Growing your own vegetables, taking care of plants, cultivating flowers, cutting hedges and weeding is much more than the joy of eating homegrown vegetables and herbs – it is therapy and in many ways really, really good for us new research from the independent charity King’s Fund shows.

Increasing people’s exposure to, and use of, green spaces has been linked to long-term reductions in overall reported health problems (including heart disease, cancer and musculoskeletal conditions); it has also been linked to reduced levels of obesity and high physical activity, and higher self-rated mental health.

Studies have shown significant reductions in depression and anxiety, improved social functioning and wider effects, including opportunities for vocational development. Research also shows that allotment gardening improves mood, self-esteem physiological measures such as cortisol (associated with acute stress) compared with matched controls.

When you’re doing gardening, you are active rather than sitting inactive. At the same time you are deeply focused on the present moment and in touch with nature instead of always being in the process of trying to make sense of any thought chaos. You enter a state of mind where you are not constantly in contact with the analytical parts of the brain, but instead you let your mind drift away and feel calm. Working in the garden stimulates both body and mind.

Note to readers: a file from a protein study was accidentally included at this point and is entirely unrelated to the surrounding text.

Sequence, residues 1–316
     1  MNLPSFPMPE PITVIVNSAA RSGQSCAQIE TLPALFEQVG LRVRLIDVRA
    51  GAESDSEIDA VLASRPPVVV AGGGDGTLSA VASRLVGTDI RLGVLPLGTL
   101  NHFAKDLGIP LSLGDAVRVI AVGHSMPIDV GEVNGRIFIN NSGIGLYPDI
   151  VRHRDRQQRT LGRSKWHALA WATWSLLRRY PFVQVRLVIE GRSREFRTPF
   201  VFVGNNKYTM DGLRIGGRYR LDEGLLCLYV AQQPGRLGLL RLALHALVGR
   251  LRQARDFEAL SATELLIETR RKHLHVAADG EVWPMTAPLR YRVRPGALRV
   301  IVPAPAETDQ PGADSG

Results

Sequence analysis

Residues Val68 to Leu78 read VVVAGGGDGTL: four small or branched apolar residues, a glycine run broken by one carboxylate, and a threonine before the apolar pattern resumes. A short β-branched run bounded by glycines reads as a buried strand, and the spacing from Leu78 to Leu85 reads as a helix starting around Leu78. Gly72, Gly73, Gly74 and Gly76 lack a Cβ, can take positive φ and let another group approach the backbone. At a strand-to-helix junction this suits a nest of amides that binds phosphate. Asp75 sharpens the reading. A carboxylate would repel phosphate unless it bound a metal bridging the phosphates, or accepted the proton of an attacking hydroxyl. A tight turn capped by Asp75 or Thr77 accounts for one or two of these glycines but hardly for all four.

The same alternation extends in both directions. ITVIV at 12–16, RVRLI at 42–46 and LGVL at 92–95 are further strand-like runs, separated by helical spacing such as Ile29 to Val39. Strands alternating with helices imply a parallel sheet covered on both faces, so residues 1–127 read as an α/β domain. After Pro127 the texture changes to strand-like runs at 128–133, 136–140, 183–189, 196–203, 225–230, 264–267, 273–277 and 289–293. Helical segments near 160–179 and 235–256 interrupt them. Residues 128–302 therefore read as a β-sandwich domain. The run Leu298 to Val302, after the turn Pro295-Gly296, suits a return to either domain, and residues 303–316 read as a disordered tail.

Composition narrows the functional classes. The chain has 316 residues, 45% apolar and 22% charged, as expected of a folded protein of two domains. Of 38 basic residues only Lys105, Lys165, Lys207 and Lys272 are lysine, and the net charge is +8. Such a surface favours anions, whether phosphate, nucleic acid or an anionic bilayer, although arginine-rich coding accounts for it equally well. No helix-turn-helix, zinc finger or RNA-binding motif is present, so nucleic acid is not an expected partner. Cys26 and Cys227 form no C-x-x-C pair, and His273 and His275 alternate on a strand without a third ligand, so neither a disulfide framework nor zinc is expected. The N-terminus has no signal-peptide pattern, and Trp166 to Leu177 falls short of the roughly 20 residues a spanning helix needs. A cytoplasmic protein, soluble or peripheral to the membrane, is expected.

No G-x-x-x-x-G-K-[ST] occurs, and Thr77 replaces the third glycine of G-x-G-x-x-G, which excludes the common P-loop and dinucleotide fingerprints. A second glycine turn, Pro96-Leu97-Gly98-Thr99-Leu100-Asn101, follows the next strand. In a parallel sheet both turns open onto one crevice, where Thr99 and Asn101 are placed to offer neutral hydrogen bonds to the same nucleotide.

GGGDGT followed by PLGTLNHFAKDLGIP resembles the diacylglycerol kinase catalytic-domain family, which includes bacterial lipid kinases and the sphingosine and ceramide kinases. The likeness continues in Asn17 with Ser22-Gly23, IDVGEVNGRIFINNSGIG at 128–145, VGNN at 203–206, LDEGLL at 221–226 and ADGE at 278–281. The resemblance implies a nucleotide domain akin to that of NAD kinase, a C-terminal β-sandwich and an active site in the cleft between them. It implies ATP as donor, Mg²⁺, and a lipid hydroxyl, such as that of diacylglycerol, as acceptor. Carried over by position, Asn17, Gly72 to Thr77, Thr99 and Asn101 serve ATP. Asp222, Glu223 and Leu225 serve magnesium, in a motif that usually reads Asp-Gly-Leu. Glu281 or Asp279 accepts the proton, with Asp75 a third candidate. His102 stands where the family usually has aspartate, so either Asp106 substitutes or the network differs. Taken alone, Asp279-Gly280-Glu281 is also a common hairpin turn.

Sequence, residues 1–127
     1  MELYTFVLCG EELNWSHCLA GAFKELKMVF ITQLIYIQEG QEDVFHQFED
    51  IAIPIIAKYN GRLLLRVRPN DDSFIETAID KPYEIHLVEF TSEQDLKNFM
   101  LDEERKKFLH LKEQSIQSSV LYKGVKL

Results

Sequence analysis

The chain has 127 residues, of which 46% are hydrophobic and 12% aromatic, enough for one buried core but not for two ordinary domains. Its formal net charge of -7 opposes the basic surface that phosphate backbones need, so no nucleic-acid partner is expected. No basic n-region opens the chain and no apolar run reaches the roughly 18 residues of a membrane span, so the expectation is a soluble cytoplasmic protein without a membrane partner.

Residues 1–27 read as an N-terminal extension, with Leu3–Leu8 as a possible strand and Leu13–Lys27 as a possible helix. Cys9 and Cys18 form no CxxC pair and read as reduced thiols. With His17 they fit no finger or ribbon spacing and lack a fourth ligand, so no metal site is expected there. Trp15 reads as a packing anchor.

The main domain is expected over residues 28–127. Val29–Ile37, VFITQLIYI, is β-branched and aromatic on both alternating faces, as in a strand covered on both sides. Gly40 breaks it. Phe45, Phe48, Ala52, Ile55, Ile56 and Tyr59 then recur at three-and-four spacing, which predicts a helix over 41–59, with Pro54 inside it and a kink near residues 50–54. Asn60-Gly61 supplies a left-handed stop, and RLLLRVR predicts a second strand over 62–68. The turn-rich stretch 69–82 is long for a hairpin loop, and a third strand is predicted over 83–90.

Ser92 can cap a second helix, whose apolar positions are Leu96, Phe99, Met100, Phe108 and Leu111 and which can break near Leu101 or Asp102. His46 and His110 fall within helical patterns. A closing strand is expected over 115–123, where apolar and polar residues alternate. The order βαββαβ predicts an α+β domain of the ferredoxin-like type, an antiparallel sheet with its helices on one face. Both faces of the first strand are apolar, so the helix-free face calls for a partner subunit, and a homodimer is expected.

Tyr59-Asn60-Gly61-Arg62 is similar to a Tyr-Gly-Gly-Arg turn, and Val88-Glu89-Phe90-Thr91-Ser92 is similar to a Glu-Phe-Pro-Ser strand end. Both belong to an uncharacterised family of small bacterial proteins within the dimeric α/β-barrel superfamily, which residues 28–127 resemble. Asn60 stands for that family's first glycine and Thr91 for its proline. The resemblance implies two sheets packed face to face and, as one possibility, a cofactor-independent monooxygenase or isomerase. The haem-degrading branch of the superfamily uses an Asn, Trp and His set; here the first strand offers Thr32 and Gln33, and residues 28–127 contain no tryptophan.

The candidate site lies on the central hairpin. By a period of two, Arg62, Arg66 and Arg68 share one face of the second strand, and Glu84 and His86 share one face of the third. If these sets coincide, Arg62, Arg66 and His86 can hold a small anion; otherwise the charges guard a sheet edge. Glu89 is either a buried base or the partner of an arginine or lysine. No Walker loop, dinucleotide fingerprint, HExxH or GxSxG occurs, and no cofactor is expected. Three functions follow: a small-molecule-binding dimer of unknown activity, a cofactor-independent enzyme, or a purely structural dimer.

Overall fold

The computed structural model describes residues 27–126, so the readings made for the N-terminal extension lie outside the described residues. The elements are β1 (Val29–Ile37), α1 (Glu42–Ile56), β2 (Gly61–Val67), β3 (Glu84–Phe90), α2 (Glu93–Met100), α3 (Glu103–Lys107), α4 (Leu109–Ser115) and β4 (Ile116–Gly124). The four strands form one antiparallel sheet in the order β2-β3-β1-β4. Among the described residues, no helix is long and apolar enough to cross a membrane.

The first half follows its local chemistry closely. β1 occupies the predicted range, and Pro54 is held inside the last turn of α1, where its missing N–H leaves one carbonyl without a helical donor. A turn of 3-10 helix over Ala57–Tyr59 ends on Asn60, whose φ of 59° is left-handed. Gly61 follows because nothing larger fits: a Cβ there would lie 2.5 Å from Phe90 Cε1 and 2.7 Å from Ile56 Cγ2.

Studies shows that only 30 minutes of gardening a week can help with everything from depression to anger and confusion.


Haven i Hune. Photo by



Photo by: di.wineanddine

Researchers uses this knowledge when helping people with stress. One example is the Nacadia Therapy Garden, situated in the Forest and Landscape arboretum in North Zealand. The arboretum has the benefit of being the forest with the most species in Denmark. The Nacadia Therapy Garden is a 1,5 hectares inside the arboretum. Nacadia is an enclosed area with differently designed natural rooms where stays in nature, activities and therapy sessions can take place.

They help people with horticultural therapy, cognitive therapy, physiological training (mindfulness inspired exercise, breath techniques, meditation techniques).


Photo by: Nacadia


Havearbejde er god terapi

Gardens and health

Written by Trine Plambech

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